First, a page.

The story is one that examines the Hollywood life, or more accurately, the very short shelf-life of movie stars, particularly female ones. Spoiler alert – this is not a new musical, so I will assume its ok to outline the plot. In essence movie star Norma Desmond (Greatest Star of All) of yester-year has long since been discarded and “forgotten” (personally I’m not convinced that this really rings true). The new generation of actors “who need words” are currently all competing for the limited number of roles… and we all know the stories about the casting couch. As with many things in life, the Hollywood honeypot attracts a great variety of bees, the talent pool is more than sufficient, yet to get a good idea or script turned into a good movie – that’s another matter entirely….”Every Movie’s A Circus”.

Money and Happiness

Money or the lack of it, poses problems for “our hero” Joe Gillis, a cynical and weary writer who sees both Hollywood and himself for what they are. Lack or perhaps need (or even desire) leads to compromise. Our writer hooks up with the much older actress Norma, who is portrayed as delusional, perhaps mad, but certainly someone with narcissistic problems. A relationship follows, built upon mutual desperation for something the other appears to provide, yet both are caught up in a self-serving but deceptive story that they tell themselves. “The Lady’s Paying” is a song reflecting Joe’s willingness to let someone else pay… perhaps some self-reflection on this point might result in better questions which move us all forwards about the Panama Papers rather than “how much?”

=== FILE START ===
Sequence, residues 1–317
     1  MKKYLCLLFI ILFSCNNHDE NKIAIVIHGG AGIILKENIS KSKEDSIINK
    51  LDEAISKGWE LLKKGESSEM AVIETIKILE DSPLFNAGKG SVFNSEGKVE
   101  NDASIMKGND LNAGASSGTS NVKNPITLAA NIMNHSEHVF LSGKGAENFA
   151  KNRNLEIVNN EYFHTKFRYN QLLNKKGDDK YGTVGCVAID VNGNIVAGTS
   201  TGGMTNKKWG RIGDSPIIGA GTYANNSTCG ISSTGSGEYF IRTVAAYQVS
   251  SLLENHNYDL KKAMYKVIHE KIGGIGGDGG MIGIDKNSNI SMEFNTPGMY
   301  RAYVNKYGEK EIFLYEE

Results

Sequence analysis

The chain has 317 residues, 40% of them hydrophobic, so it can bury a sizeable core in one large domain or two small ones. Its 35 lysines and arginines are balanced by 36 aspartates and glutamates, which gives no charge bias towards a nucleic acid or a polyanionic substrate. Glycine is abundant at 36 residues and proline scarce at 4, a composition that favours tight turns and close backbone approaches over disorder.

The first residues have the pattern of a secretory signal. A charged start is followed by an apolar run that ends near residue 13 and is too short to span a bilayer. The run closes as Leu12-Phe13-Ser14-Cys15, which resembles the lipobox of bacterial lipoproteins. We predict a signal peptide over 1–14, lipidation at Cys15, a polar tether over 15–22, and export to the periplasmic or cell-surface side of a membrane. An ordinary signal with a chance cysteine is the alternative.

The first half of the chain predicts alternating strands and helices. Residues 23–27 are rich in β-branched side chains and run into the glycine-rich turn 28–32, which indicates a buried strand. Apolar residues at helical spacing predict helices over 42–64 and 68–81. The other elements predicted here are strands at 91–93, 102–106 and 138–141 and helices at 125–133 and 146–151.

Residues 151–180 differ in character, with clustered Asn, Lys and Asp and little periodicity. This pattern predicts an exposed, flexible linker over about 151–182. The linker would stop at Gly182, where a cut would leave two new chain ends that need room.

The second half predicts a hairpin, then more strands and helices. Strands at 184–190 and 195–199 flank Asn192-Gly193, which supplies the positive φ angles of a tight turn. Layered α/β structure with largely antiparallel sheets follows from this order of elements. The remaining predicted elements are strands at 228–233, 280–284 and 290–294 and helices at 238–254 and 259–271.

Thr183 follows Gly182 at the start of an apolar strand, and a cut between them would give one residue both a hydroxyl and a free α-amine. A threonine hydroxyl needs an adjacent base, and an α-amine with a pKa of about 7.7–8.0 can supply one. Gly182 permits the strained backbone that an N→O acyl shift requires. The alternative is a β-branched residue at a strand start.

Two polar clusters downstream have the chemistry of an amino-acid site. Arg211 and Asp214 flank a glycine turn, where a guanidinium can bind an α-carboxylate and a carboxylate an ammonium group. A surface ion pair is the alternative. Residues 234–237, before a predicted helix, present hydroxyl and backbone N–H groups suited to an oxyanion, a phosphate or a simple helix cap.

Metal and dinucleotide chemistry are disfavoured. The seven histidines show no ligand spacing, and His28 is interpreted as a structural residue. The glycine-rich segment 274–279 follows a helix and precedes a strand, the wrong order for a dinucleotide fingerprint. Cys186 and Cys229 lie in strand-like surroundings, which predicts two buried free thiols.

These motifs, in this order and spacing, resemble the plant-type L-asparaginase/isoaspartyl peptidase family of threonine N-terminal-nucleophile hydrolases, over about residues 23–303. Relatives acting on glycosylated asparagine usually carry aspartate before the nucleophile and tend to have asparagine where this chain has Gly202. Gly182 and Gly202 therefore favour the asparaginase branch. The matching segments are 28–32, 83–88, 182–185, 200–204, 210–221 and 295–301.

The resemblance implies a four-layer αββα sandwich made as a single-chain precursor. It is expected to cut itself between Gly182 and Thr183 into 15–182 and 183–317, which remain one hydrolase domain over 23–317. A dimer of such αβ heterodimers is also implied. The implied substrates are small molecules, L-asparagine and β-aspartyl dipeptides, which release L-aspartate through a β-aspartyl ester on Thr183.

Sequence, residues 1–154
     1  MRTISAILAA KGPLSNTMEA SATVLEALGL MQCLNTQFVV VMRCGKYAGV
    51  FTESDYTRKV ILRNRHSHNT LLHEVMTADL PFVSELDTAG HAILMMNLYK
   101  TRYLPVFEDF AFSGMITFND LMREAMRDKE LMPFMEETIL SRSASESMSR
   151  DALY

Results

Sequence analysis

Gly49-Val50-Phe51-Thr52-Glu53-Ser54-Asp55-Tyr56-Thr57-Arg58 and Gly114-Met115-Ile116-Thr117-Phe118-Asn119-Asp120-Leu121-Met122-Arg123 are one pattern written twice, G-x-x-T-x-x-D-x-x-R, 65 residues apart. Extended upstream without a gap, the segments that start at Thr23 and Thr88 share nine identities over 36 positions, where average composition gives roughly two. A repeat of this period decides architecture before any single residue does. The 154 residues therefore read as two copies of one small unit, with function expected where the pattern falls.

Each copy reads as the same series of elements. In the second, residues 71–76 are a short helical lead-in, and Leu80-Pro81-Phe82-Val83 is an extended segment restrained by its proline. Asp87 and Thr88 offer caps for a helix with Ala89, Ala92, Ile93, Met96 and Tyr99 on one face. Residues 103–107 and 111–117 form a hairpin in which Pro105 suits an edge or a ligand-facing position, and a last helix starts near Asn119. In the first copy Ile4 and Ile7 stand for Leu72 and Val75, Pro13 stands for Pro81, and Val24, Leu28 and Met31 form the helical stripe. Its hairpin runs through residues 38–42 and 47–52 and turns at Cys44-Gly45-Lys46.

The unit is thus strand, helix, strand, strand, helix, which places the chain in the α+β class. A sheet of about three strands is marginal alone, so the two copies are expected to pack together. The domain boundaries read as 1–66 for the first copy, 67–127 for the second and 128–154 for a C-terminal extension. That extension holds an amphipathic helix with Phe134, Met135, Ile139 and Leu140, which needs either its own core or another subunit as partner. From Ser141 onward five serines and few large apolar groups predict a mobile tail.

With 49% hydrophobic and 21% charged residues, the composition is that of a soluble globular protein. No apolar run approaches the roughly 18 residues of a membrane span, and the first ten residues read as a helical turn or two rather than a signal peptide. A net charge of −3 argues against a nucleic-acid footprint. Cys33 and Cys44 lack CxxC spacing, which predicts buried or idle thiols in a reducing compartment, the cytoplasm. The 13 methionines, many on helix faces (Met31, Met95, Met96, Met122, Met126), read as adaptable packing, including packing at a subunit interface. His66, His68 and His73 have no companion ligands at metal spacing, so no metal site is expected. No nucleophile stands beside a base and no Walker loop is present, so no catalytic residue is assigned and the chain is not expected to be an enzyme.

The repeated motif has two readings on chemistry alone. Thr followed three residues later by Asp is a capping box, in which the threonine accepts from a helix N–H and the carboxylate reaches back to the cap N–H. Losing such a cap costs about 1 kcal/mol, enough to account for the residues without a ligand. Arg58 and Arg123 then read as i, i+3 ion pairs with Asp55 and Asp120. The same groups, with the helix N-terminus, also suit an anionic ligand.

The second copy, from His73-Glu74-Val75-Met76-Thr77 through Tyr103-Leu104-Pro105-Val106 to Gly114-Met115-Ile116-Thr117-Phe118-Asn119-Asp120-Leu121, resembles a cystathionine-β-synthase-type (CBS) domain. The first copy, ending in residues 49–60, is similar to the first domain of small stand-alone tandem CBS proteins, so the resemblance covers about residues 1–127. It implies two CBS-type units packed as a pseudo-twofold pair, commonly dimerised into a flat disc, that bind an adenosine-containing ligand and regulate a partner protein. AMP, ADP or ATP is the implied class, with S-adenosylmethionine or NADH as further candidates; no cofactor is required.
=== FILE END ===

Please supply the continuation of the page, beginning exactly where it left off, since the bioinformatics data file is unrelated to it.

Whilst I will admit that this is an old story (originally produced as a movie in 1950 by Billy Wilder) so set with that world view, it is frankly all rather too familiar and depressing that older women pairing up with younger men, to feel young are “mad” yet in the very same breath all the male characters pair up with younger women – for the same reasons, and this is “macho”. A woman wanting something, particularly her youth or at least not to be forgotten is typically portrayed as struggling with mental health issues. Yet this is of course an issue that men and women face, with double standards applied by men. The number “Eternal Youth Is Worth a Little Suffering” seems only to point to the outward. Whilst I recognise that this is a period story, it is surely attempting to prompt questions of today… in a culture that is obsessed with appearances, selfies and celebrity…. “I’m ready for my close-up”.

Caught in the Spotlight

The irony of an audience in 2016 largely turning up to see Glenn Close in the title role, merely confirms our fascination with the stars, who now bring considerable ker-ching to the boxes offices of the West End. The audience was enraptured, yet this is certainly not one of the better musicals in the West End, and I was left wondering if the sun had not set on this portrayal of “older” “mad” women. In fairness, it is not clear how old Norma is meant to be, at one point Joe implies that she is 50… (but even in this comment, it is unclear if he is still being “nice”)… so the mere fact that an actress aged 69 playing a 50 year-old rather suggests we have moved forwards, back then women over 35 “didn’t exist”…

Of course, the truth that we all know is that life is short, we cannot deny the aging process and at some point we will become a memory. Hence having a financial plan that reflects your values, not merely your “value” and being in control of your money, rather than it being in control of you, is my way of attempting to address the money/happiness question.

As for the original, here’s the trailer.

Dominic Thomas
Solomons IFA

You can read more articles about Pensions, Wealth Management, Retirement, Investments, Financial Planning and Estate Planning on my blog which gets updated every week. If you would like to talk to me about your personal wealth planning and how we can make you stay wealthier for longer then please get in touch by calling 08000 736 273 or email info@solomonsifa.co.uk

Sunset Boulevard2017-01-27T10:58:28+00:00